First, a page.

ATLANTA (AP) – Some of Georgia’s largest school districts will start the new year virtually amid the state’s surge in COVID-19 cases.

Fulton County and Dekalb County schools said Friday students will learn remotely when they resume classes then return for in-person instruction on Jan. 10. Clayton County Public Schools and Rockdale County Public Schools previously announced the same plan. All four districts are in the Atlanta area. Clayton Superintendent Morcease Beasley said the additional time away from the classroom will allow students and employees who test positive for the virus to complete recommended quarantine periods.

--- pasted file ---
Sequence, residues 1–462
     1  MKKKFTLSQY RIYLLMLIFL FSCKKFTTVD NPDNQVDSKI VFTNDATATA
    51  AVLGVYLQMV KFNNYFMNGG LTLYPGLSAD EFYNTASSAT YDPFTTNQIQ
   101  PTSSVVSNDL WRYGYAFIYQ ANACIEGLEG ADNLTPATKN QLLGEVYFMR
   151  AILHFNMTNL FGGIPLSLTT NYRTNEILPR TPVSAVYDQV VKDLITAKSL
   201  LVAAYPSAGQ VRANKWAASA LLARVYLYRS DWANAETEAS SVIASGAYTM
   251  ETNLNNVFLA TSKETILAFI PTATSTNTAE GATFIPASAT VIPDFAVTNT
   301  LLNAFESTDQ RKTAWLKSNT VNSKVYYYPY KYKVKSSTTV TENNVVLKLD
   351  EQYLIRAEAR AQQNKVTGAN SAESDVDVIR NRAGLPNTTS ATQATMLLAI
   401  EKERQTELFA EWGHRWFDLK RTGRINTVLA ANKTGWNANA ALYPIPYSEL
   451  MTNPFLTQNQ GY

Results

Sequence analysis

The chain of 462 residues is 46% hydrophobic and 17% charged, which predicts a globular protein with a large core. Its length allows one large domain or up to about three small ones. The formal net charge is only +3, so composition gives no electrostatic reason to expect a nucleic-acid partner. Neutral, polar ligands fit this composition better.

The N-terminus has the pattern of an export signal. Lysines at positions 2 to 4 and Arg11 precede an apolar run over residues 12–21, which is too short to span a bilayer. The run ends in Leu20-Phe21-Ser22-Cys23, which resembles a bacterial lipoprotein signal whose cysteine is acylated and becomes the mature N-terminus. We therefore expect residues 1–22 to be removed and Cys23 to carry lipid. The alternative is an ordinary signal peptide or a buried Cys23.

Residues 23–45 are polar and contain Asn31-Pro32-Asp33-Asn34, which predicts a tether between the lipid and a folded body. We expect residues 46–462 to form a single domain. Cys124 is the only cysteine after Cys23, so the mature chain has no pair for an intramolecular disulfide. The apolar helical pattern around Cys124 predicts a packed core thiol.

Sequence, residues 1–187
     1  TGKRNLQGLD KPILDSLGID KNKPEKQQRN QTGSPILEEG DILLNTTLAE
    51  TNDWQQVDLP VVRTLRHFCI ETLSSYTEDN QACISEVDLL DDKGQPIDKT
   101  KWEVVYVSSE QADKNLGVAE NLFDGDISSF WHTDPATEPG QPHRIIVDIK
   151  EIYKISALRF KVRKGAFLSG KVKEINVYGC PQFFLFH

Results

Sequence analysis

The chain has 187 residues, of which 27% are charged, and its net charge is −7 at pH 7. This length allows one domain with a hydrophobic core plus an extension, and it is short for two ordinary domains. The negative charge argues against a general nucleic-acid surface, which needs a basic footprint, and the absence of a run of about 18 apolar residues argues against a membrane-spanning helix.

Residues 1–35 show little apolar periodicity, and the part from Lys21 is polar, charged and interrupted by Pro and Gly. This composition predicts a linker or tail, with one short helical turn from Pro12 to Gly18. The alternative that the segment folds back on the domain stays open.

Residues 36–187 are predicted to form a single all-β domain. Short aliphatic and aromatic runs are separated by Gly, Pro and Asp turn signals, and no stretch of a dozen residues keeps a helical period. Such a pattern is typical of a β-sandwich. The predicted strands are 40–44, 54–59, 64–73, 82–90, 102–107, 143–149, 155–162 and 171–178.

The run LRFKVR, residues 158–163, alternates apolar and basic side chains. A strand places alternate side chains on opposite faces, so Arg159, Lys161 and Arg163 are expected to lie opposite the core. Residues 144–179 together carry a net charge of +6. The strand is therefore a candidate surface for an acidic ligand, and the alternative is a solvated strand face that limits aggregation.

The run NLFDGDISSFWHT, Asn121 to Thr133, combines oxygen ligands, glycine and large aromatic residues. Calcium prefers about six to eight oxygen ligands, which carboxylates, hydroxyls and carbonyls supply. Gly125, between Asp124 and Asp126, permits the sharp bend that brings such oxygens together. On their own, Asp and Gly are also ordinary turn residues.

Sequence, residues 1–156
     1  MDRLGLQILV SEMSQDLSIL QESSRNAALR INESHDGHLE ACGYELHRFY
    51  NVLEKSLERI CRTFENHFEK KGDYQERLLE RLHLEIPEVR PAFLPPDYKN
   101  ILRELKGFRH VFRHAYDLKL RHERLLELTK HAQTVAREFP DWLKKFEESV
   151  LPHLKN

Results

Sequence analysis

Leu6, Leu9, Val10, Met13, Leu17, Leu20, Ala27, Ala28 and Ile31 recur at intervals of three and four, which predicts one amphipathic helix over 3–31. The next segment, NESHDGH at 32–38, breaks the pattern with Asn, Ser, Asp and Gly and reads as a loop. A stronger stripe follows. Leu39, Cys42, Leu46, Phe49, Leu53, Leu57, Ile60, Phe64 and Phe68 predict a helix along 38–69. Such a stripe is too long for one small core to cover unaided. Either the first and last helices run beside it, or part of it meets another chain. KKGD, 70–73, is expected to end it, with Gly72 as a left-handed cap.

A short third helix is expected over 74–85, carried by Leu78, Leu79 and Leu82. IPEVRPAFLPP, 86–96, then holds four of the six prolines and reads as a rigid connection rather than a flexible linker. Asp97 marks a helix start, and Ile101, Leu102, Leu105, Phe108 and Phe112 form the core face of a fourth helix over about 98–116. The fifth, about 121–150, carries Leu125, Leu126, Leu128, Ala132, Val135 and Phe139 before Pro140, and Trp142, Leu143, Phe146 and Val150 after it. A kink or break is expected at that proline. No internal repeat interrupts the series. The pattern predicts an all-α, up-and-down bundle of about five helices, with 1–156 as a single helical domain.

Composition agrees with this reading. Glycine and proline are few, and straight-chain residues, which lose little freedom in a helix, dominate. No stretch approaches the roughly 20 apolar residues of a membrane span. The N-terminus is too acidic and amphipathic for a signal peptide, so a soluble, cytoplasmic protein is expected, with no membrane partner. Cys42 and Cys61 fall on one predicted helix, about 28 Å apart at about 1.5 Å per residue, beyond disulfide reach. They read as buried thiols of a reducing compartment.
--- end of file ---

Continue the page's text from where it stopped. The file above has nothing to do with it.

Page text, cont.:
“As we continue to monitor the surge in COVID-19 cases within our county, we understand that our schools and offices are microcosms of our respective communities,” Beasley said in a statement. “We have to act with caution and encourage families to participate in the vaccination and testing opportunities available to ensure we can have school with minimal disruptions to the learning process.”


MINNEAPOLIS (AP) – A member of the jury that convicted Minnesota police officer Kim Potter of manslaughter in the killing of Daunte Wright says jurors felt she made an honest mistake when she drew her firearm instead of her stun gun, but that she was still responsible for his death.

The juror spoke with KARE-TV reporter Lou Raguse on the condition of anonymity due to what the station described as the “public animosity” surrounding the case. The juror said no one felt Potter was a racist or meant to kill Wright, but that doesn’t mean she was above the law.